The Apostle Paul quoted from this Jew­ish law (Deut 21:22-23) as he described for us the reason for Christ’s death on the cross— “Christ hath redeemed us from the curse of the law” (Gal 3:13). You see, Christ not only died for our sins in a judicial sense, paying the required penalty for our crimes of dis­obedience; he also bore our “curse,” the utter shame associated with our blatant disobedience against God.

When Jewish leaders pressed Pilate for the sentence of crucifixion, they were ex­pressing their contempt for anyone guilty of the sin of blasphemy—the sin of which they were accusing Jesus. They were not only clamoring for Jesus’ death. Knowing that the Roman idea of crucifixion was paramount to their practice of hanging on a tree, they would be satisfied with noth­ing less than having Jesus crucified. They wanted him put to shame. They wanted to demonstrate that he was cursed of God.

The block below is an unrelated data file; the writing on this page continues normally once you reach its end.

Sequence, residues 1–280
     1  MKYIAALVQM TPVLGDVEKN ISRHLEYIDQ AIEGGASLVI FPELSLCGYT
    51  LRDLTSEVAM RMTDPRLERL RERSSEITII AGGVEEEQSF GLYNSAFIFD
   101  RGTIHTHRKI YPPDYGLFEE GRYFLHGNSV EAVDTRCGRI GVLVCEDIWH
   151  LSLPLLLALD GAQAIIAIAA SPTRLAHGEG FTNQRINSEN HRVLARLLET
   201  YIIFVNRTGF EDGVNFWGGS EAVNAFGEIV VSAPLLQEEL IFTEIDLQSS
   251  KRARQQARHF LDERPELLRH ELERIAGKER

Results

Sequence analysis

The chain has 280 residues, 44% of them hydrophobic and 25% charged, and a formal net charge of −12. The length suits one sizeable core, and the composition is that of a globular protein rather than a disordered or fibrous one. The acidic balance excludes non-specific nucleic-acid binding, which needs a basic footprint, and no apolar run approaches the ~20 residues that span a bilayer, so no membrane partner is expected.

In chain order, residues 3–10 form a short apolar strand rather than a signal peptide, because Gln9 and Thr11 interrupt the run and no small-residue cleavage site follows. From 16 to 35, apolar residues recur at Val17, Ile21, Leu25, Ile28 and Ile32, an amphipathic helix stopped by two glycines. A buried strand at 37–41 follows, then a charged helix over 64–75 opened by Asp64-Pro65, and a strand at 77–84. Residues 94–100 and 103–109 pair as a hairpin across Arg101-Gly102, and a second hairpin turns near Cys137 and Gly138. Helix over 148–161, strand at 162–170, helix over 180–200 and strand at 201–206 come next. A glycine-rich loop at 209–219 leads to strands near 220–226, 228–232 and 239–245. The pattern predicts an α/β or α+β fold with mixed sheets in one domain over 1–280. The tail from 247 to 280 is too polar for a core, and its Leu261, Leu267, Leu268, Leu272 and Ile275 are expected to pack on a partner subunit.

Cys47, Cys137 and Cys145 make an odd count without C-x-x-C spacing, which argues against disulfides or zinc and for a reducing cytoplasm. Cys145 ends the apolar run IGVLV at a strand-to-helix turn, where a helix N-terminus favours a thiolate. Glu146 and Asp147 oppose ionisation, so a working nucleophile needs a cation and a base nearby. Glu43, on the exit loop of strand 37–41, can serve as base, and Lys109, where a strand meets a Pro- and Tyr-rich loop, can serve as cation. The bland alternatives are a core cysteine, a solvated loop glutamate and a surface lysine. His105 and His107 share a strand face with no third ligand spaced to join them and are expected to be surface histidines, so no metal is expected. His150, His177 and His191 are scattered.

What they did not understand, how­ever, was that Jesus was not dying for his own sin, but for their sins. As Paul, the converted Jewish Pharisee, would one day seek to explain to them, Christ was bearing the very shame associated with their sin of willful disobedience against God.

And this is something we must also grasp. Our sins of willful disobedience against a holy God are equally reprehen­sible. We are not only deserving of death, we are deserving of shame. You see, Pilate did not choose the cross for Jesus. Neither did the Jewish leaders of the Sanhedrin.